Sales of existing homes slipped 1 percent in the month of December as strict mortgage lending standards and scant inventory restricted sales, according to data on the latest real estate market trends released today by the National Association of Realtors.
Total existing homes, including single-family homes, townhomes, condominiums and co-ops declined to a seasonally adjusted annual rate of 4.94 million, according to the association, but the pace 12.8 percent higher than that for December 2011.
Total existing home sales were 4.65 million in 2012, a year-over-year increase of 9.2 percent, according to the association, which tracks overall positive real estate market trends. Total sales volume for 2012 was the highest since 2007, when sales reached 5.03 million. The annual rate of increase is the strongest since 2004.
“Record low mortgage interest rates clearly are helping many home buyers, but tight inventory and restrictive mortgage underwriting standards are limiting sales,” Lawrence Yun, chief economist for the association, said in a statement. Yun predicts sidelined buyers will continue to reenter the housing market as their financial situations stabilize and their confidence grows. Among positive real estate market trends for 2013, Yun said, “both sales and prices will be again high in 2013.”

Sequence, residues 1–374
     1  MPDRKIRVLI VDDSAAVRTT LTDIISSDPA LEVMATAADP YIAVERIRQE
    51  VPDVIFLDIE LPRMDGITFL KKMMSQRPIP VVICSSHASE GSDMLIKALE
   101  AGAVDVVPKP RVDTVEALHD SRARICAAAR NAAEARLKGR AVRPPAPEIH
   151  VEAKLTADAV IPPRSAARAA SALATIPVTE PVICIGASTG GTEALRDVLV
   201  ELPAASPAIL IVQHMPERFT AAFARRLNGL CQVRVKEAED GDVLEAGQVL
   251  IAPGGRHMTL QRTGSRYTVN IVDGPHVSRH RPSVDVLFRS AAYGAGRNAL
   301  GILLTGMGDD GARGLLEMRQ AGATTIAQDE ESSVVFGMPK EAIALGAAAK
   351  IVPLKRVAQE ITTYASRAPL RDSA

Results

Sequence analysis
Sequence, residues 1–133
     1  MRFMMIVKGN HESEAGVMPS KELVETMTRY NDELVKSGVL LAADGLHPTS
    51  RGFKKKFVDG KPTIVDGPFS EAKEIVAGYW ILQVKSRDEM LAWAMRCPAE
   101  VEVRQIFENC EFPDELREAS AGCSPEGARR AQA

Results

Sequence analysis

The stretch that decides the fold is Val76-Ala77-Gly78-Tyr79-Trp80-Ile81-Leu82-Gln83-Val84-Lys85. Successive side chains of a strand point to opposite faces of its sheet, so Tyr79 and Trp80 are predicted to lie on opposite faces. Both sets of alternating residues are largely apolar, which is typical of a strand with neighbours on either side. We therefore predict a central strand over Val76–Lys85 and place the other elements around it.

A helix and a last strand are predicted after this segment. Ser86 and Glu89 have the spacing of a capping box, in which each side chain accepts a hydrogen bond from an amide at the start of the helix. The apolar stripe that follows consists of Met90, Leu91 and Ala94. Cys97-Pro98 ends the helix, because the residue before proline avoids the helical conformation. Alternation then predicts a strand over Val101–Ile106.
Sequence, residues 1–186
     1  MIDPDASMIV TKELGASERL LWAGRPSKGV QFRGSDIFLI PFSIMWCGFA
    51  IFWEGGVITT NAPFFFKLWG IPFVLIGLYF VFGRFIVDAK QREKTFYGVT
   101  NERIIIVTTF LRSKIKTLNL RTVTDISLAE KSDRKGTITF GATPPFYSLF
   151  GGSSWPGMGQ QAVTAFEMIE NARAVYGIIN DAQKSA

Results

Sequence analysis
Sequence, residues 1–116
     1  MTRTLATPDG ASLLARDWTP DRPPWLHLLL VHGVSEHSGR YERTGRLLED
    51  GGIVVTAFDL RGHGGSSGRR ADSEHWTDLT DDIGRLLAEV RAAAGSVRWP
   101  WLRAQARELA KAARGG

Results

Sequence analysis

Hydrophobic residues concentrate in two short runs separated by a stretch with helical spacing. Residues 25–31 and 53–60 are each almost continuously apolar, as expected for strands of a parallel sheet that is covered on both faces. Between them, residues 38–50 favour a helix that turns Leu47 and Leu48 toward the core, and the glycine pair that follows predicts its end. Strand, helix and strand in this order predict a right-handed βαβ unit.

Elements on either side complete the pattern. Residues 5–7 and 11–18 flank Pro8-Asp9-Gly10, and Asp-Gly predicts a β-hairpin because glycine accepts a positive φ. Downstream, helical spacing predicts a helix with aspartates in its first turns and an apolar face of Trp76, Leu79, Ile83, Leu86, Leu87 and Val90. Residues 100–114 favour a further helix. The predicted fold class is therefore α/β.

The inventory of unsold homes is at the lowest level since January 2001 and 21.6 percent lower than a year ago, the association reported, while the median existing home price rose 11.5 percent year-over-year for the 10th consecutive month of annual gains.
In other real estate market trends, the National Association of Home Builders yesterday reported that sentiment among members of the home remodeling industry has moved into positive territory. The associations Remodeling Market Index rose to 5 points to 55 in the fourth quarter. A reading above 50 indicates more remodelers perceive an increase rather than a decrease in remodeling activity.
The real estate market trends are driven by increased consumer confidence, David Crowe, the association’s chief economist, said in a statement.